Roadside shellfish stands could soon crop up in Southold Town as officials begin drafting legislation to allow shellfish farmers to sell their product on land.
As is stands, shellfish farmers who seek to sell their oyster and clams must do so out on the water, where they are grown.
The proposed code change would level the playing field for aquaculturists and land-based farmers with regard to setting up farm stands.
“[The code] is going to allow these guys to sell ‘on the beach,’ as we like to say, rather than have to sell wholesale and lose 50 percent of their potential market value,” said Chris Baiz, who owns The Old Field Vineyards in Southold and chairs the town’s agricultural advisory committee.
Longtime shellfish farmer Karen Rivara, who owns the Aeros Cultured Oyster Company in Southold, said the option to sell directly to their consumers will ensure the industry’s viability.
Under the proposal, shellfish could be sold on properties less than two acres at roadside stands —similar to how many people sell eggs, Ms. Rivara pointed out.
Bona-fide shellfish growers would also be permitted to establish farm stands on two or more acres of land, though the draft proposal did not address where those two acres must be.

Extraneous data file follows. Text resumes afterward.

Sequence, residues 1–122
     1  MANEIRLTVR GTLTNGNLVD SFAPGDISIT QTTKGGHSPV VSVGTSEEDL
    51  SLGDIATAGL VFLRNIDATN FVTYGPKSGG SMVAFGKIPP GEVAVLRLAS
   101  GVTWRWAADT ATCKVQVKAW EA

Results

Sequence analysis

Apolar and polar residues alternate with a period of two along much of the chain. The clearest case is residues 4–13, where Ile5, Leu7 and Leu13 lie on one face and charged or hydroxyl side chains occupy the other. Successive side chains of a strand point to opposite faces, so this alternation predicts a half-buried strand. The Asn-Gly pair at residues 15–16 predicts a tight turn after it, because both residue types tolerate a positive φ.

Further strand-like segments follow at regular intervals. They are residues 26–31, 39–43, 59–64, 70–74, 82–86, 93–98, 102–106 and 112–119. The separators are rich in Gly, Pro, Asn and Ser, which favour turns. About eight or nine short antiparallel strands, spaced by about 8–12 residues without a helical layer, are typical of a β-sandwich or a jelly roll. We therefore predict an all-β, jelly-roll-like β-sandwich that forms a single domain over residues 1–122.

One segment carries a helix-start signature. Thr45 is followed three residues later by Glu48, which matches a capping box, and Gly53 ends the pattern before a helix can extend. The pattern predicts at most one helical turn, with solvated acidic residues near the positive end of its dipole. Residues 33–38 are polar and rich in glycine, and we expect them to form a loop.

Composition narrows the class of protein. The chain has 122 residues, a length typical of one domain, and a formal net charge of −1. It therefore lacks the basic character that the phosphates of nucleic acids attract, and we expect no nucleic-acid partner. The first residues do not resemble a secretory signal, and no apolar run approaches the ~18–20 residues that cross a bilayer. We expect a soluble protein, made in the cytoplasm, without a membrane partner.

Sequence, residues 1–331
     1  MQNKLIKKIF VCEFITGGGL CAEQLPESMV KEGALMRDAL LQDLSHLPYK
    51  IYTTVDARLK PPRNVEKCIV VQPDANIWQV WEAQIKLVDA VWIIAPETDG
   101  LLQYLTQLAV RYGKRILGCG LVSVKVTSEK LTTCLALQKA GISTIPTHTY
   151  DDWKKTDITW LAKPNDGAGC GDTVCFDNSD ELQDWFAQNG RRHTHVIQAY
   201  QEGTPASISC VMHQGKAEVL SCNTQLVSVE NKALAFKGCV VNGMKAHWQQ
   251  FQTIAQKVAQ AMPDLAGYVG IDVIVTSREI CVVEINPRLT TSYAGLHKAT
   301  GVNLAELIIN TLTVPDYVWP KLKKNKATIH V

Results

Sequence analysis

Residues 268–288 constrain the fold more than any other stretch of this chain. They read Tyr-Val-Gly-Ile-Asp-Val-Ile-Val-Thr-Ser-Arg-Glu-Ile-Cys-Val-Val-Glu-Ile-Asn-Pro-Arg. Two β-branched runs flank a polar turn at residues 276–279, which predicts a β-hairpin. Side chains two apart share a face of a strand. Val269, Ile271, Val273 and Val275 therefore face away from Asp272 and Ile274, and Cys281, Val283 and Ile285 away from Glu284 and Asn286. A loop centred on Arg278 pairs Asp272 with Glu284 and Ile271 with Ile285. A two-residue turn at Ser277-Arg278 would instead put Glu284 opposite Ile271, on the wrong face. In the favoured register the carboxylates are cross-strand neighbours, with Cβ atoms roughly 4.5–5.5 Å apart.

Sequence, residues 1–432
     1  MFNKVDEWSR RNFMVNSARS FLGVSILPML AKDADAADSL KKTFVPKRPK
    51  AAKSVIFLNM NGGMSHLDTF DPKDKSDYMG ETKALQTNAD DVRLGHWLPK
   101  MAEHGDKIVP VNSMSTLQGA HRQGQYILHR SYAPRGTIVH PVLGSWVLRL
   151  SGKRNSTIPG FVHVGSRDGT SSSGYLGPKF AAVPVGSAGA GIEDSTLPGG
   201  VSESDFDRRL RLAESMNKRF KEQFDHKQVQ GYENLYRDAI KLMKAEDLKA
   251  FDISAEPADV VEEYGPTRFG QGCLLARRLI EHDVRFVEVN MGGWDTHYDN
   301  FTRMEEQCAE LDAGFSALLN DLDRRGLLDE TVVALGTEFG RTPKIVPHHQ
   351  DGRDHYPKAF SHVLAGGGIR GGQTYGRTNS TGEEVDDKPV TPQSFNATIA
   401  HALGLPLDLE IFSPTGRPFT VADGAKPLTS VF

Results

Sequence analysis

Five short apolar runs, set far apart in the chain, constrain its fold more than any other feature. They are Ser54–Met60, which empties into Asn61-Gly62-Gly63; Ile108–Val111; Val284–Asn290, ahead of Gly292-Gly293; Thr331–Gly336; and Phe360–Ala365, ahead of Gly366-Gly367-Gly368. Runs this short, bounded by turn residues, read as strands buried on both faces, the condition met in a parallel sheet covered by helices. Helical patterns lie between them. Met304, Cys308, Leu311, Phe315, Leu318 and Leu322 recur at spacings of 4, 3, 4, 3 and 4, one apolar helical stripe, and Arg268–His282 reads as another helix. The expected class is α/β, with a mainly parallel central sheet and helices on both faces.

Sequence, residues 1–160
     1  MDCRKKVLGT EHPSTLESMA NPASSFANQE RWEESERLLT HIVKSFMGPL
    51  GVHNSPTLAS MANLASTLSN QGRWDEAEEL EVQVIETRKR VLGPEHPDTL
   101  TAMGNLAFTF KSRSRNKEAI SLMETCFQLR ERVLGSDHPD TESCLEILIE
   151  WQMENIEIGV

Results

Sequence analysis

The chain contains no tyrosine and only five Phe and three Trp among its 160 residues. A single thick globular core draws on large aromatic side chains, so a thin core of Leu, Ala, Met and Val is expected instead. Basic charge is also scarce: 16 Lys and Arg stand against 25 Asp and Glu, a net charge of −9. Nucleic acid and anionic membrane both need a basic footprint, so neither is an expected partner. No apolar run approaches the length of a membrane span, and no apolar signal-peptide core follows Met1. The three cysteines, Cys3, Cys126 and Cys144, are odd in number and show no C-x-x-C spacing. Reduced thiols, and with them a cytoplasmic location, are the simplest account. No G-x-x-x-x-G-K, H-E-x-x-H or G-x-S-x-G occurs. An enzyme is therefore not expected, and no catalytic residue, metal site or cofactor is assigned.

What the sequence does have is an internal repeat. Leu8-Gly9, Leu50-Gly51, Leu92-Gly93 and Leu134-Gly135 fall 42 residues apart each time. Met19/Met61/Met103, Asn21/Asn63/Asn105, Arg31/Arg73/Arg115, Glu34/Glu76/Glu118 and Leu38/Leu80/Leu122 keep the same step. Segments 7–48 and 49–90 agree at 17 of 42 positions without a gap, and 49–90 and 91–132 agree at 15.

During Tuesday’s work session, Supervisor Scott Russell suggested the farm stands be limited to agriculturally zoned areas.
“I don’t want to be too restrictive but at the same time, I don’t want people to think that you can land a 3,000-square-foot farmstand anywhere you want in Southold Town,” he said.
Regardless of the type of stand, farmers would need to be subject to the New York State Department of Environmental Conservation and Suffolk County Health Department review and permitting.
Similar to land-based farm stands, 60% of the products would be grown by the farmer. The other 40% could complement the products, such as T-shirts, shucking knives and lemons.
Ms. Rivara estimated that there are approximately 20 local growers who could benefit from the code change.
On-site consumption was not included in the draft and would require further approval from the health department as well as be subject to site plan review. Ms. Rivara said she wanted the code to be reflective of what farmers are looking to do at the present.
“No one has expressed interest,” in establishing an on-site type of stand, she said.
The proposal will move through to the code committee, where members will likely focus on defining where farm stands will be allowed and other terms.
Mr. Baiz described the measure Tuesday as a “brilliant incentive” that will help the industry continue to grow.